If your clients don’t know about their insurance product, does it even exist?

Recent research from Egypt suggests many low-income clients who have insurance, tend to be unaware of it. As Shilpi Shastri and Sandy Salama explain, long-term commercial success depends on clients both using their insurance product and feeling satisfied with the experience. By courtesy of the Micro Insurance Network

Sandy Salama is Marketing and Communications Manager at Lead Foundation, Egypt.

 

 

Shilpi Shastri is Microinsurance Specialist at Women’s World Banking.
More than half of Egypt’s population has access to government health insurance, yet 72% of total health expenses are out-of-pocket. This gap opens up an opportunity to develop alternative health financing mechanisms for Egyptians living on a low income, meeting this opportunity is crucial to achieving Sustainable Development Goal (SDG) 3: promoting well-being and ensuring all people of all ages have healthy lives.

Lead Foundation, an Egyptian microfinance institution, partnered with Women’s World Banking – a global leader in women’s financial inclusion – to introduce an insurance scheme for its clients in December 2015. Our research showed a need for insurance to compensate for loss of income if a household’s breadwinner was hospitalised or died. This led us to develop the ‘Hemayet Lead’ (‘Protection by Lead’) hospitalisation and life insurance programme.

Hospital cash insurance provides US$17 (EGP 300) for each night in hospital for any condition, including maternity and pre-existing conditions. To claim, the insured person simply submits a discharge certificate to Lead as proof of hospitalisation. Life insurance pays out three times the amount borrowed, less any outstanding loan, to the family of the deceased client.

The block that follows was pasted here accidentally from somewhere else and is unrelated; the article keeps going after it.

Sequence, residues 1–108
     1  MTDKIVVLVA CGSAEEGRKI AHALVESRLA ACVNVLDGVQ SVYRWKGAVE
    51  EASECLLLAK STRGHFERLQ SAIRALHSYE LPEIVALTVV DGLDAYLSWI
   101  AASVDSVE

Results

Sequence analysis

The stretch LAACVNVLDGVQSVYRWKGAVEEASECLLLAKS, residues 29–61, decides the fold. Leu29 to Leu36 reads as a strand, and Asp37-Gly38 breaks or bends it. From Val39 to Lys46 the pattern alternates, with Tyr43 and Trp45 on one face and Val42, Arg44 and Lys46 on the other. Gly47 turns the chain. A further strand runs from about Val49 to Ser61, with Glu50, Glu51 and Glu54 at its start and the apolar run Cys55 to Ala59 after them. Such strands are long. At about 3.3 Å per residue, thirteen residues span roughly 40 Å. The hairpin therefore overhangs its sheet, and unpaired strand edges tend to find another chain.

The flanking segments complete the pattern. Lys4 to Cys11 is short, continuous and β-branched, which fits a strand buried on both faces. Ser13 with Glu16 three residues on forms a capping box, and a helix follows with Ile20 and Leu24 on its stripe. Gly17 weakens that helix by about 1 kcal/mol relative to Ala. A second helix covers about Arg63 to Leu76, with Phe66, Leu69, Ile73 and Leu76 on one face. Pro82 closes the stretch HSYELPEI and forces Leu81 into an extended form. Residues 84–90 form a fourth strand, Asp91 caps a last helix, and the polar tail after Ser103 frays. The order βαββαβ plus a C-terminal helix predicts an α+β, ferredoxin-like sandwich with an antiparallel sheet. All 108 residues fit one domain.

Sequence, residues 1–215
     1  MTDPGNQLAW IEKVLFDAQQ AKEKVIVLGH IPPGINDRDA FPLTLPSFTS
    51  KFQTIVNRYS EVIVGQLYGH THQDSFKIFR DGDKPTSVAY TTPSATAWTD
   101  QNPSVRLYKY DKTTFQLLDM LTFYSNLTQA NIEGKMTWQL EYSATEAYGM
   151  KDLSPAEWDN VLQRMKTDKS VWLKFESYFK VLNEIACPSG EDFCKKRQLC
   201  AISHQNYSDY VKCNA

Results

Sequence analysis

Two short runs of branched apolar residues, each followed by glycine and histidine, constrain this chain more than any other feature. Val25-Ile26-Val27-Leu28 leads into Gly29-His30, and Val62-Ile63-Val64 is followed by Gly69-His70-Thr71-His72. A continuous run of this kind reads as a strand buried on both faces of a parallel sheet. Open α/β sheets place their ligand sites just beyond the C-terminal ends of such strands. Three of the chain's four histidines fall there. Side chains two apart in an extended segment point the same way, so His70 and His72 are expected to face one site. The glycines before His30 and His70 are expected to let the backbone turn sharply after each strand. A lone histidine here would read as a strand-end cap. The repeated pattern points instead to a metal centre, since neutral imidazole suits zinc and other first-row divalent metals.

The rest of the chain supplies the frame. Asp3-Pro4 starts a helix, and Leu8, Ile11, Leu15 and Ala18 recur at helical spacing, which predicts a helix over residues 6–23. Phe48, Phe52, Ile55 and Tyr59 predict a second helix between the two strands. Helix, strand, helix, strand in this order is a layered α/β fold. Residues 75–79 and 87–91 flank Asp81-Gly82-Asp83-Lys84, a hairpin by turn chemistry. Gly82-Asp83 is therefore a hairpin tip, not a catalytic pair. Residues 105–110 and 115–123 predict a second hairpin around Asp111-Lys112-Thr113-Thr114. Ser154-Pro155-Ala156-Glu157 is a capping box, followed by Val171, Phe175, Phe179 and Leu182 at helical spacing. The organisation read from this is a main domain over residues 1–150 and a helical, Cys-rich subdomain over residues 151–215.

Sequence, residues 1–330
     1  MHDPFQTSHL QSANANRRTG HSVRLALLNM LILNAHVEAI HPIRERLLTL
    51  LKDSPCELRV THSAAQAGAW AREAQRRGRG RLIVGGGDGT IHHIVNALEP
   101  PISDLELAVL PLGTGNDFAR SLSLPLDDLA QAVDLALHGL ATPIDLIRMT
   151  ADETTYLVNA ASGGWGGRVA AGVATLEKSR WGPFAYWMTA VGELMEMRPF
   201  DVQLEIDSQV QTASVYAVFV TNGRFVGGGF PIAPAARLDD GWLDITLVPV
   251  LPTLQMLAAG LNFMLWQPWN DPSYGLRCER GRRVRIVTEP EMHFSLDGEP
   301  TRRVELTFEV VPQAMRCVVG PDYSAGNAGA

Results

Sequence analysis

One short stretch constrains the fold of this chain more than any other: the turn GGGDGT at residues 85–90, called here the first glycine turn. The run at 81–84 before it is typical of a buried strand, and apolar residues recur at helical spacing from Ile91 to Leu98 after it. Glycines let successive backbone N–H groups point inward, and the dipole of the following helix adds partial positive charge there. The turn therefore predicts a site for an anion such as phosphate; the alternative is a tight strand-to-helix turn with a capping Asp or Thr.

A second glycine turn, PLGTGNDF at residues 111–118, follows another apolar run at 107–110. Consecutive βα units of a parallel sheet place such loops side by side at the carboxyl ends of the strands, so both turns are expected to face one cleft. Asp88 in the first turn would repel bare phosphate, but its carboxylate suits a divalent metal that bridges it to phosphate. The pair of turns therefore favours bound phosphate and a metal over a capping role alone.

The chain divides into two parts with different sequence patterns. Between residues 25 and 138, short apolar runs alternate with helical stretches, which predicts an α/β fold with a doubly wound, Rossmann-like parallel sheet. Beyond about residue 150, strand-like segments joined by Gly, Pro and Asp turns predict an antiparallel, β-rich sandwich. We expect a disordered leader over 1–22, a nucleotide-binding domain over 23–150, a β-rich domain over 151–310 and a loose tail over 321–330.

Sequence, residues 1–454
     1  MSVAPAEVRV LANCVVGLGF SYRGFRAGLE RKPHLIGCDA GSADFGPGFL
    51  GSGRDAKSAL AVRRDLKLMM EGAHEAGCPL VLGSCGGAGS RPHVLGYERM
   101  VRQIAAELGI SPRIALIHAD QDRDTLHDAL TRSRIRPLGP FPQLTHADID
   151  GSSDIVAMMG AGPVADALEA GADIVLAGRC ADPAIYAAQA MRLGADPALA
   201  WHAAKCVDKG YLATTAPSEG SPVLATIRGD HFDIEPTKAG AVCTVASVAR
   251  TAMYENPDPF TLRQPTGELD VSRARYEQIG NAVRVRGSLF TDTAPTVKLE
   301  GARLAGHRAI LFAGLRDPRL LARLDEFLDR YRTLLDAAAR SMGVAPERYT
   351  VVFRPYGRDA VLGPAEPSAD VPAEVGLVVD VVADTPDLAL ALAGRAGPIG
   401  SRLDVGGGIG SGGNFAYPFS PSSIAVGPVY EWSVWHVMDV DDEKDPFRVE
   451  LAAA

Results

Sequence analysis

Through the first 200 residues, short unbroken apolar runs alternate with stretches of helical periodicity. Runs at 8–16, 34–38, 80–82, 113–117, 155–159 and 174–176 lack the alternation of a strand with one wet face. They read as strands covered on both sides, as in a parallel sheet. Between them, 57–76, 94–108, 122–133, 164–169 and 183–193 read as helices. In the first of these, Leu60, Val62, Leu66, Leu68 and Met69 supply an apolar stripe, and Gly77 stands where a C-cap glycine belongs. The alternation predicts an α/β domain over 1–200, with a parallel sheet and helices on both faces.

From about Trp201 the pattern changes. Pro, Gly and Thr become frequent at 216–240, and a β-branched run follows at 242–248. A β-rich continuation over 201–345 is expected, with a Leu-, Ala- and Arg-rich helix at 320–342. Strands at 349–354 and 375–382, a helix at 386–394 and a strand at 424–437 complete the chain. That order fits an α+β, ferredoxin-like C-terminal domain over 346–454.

Successful microinsurance

Successful microinsurance programmes are those that are actually used. If clients do not use their insurance, it delivers no value to them. Low usage could stem from a lack of awareness, perceptions of the limited value of the benefits or generally negative views of insurance (“it doesn’t work for us”). Collecting client feedback is important for gaining a better understanding of the underlying causes. On the other hand, usage of a particular insurance programme can be measured by the claims frequency – that is, the proportion of the total insured population filing claims over a given period of time. Phone surveys are particularly useful for collecting statistically representative client feedback. Three phone surveys conducted over 18 months have provided us with valuable insights to ensure Hermavat Lead’s success.

Claims frequency and client awareness

A three-month post-pilot evaluation in March 2016 revealed that the actual frequency of claims was lower than initial actuarial assumptions and that it varied across Lead’s three branches. In addition, research by Women’s World Banking and Lead Foundation showed that clients’ understanding of the insurance features was limited and that they did not trust the product to work for them. However, those who had benefited from claims were satisfied with the process and the sums paid out.

These findings suggested that low awareness may result in low claims frequency. To test this hypothesis, Women’s World Banking conducted a phone survey with six groups, speaking to both group loan clients and individual clients away from the three pilot branches. A total of 635 clients took part in the phone survey. This revealed that, while the majority of respondents knew they had insurance (only 12% were not at all aware of having any), most could not mention more than three features of the product.

The survey underscored the need to simplify communication and create reminders as clients tended to forget about their insurance over time. Women’s World Banking and Lead created a marketing programme focusing on the three most important features: amount of benefit per night; requirement for hospital discharge certificate; and life insurance benefit amount. In addition, posters were put up in branches to remind clients about insurance.

Easing the claims experience

By March 2017, six months after the roll out and scale up of the programme, monitoring by Lead found that claims frequency varied significantly across all its 18 branches. Women’s World Banking and Lead conducted another phone survey to understand the reasons behind this phenomenon. Branches were sorted into three groups based on their claims frequency: very low claims frequency; portfolio average claims frequency; and higher than the average claims frequency. 270 clients from each group were contacted to take part in the survey.